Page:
Pierre-Simon Laplace, 1749-1827 : A Life in Exact Science

By Charles Coulston Gillispie, Robert Fox, and Ivor Grattan-Guinness

Princeton University Press [1977], 304 p.
Princeton University Press Online

This book is a republication of a Topical Essay in the 1978 Supplement I (Volume XV) of the 16 volume "Dictionary of Scientific Biography" (Charles Scribner and Sons, 1970-1980) with revisions based on the incorporation of a number of studies that have appeared since the initial publication.

The book consists of five parts, the first four describing chronologically separable stages of Laplace's scientific life, and a final section by Prof. Grattan-Guinness on the Laplace transform. The first three were written by Prof. Gillispie, and treat the periods: (I) 1768-1778, extending from Laplace's departure for Paris at age 19 to his recognition as one of the leading figures of the Academy of Science; (II) 1778-1789, during which he introduced and developed the mathematical techniques that were the basis of his great treatises, extending up to the time of the French Revolution and; (III) 1789-1805, characterized by the synthesis of his work in the publication of Exposition du système du monde and the first four volumes of Traité de mécanique céleste, and the emergence of his scientific statesmanship through the advising of government agencies and the formulation of the metric system. The final section (four chapters by Prof. Fox and three by Prof. Gillispie) covers the period 1805-1827, when Laplace addressed specific problems in physics with his disciples in the Société d'Arcueil, through his ultimate loss of influence and death.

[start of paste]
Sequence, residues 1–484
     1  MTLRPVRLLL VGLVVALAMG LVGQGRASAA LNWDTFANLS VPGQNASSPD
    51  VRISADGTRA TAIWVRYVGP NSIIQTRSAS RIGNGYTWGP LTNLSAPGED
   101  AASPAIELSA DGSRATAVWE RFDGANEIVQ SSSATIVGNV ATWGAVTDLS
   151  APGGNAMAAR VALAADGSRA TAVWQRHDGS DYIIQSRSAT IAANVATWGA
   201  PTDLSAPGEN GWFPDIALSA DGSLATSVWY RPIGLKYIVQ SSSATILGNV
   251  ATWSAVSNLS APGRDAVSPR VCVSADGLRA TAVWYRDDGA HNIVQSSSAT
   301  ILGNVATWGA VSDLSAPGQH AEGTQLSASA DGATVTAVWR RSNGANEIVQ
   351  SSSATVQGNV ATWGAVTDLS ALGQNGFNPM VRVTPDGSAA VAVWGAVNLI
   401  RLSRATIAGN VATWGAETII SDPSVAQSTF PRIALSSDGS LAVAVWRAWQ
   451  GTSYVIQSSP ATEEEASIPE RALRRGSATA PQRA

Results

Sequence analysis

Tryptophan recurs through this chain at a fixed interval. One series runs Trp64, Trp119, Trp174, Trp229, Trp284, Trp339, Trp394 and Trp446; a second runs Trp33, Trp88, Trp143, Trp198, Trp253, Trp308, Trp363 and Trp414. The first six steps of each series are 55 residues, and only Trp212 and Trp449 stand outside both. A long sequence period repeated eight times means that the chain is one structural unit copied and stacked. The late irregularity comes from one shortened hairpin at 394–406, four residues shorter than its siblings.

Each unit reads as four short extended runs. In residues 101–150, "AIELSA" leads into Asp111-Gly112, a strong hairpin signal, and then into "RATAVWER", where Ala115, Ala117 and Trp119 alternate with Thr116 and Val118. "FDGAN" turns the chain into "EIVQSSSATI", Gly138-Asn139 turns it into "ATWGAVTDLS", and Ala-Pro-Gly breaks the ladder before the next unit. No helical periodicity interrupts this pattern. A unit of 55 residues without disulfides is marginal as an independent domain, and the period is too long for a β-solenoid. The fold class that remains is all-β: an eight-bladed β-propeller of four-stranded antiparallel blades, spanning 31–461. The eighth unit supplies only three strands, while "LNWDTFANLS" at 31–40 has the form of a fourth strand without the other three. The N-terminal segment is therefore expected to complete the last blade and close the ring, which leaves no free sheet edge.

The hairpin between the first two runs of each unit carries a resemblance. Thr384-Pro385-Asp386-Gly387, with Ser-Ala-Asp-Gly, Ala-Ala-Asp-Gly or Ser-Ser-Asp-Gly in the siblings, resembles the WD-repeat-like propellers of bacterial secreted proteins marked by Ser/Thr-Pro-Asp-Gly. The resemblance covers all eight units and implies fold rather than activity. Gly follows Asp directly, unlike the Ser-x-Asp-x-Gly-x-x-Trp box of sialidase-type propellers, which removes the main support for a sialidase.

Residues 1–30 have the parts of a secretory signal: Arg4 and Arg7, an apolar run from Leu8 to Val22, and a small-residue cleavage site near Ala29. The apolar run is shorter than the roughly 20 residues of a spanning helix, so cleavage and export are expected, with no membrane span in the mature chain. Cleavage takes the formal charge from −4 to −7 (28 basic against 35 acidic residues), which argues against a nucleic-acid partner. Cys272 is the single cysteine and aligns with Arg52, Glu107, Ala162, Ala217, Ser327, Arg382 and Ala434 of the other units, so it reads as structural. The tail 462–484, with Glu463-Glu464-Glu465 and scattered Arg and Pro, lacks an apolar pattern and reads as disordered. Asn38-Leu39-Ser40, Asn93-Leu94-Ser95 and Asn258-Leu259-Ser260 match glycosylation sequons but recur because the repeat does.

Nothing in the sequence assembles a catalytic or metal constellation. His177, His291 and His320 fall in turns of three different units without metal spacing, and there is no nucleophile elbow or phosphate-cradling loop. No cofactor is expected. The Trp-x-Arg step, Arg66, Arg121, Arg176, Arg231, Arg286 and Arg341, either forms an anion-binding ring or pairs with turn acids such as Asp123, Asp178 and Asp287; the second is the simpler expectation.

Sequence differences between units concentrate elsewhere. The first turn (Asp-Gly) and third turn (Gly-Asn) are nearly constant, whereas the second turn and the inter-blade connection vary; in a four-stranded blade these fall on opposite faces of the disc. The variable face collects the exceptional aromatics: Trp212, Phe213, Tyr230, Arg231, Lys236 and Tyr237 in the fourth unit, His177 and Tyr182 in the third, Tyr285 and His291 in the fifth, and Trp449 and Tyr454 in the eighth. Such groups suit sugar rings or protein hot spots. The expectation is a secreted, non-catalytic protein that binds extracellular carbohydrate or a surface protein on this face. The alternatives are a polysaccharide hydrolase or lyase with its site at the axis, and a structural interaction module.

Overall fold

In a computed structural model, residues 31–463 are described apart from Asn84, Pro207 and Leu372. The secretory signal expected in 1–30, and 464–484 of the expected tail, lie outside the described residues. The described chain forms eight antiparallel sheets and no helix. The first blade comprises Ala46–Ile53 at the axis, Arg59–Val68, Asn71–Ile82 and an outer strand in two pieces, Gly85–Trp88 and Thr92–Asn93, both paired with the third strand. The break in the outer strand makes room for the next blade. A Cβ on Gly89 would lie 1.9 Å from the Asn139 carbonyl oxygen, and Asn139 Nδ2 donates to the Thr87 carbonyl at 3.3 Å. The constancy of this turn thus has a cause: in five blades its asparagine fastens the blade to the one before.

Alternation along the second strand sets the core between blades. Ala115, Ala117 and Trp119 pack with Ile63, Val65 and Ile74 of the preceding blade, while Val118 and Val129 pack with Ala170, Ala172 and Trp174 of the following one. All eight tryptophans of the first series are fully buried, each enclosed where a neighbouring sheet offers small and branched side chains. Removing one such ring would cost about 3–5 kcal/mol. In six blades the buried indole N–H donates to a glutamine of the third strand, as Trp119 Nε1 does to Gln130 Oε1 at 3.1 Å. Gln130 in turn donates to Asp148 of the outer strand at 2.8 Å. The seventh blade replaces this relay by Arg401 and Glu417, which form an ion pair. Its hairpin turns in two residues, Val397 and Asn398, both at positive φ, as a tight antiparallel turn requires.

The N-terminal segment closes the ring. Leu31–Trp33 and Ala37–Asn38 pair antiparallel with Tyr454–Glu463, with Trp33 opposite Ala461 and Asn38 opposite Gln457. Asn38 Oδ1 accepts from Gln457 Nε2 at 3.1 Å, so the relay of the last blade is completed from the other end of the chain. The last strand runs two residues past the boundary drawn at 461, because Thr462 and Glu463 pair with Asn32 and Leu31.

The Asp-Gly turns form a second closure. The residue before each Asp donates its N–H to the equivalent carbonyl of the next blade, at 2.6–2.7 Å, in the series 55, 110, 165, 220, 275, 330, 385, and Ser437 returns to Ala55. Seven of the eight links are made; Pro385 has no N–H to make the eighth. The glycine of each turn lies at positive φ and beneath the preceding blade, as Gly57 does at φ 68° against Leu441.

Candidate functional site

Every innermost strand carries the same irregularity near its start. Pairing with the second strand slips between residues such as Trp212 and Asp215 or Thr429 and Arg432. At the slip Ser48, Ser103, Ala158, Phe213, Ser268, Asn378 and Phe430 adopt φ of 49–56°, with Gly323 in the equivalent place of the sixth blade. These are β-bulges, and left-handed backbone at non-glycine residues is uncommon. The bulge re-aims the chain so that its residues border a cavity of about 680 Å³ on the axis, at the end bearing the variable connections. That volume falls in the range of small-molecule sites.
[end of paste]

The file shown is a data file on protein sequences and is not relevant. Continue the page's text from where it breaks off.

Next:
This monograph format is more much convenient than the tightly spaced form of the original 1978 Topical Essay, and the addition of an index, a page-numbered table of contents, and page breaks between Chapters, Parts, and Appendices makes the material much easier to absorb and interrelate. Much of the material has been transcribed directly from the 1978 Topical Essay, but there are significant additions and revisions. For example, Laplace kept copies of his own letters in his extensive correspondence with leading contemporary scientists, but it had long been thought that the bulk this material had been destroyed when a fire swept the family château in 1925. In fact, it has been discovered recently that many manuscripts survived that fire, and now exist in a depository that was available for study in the preparation of this revision.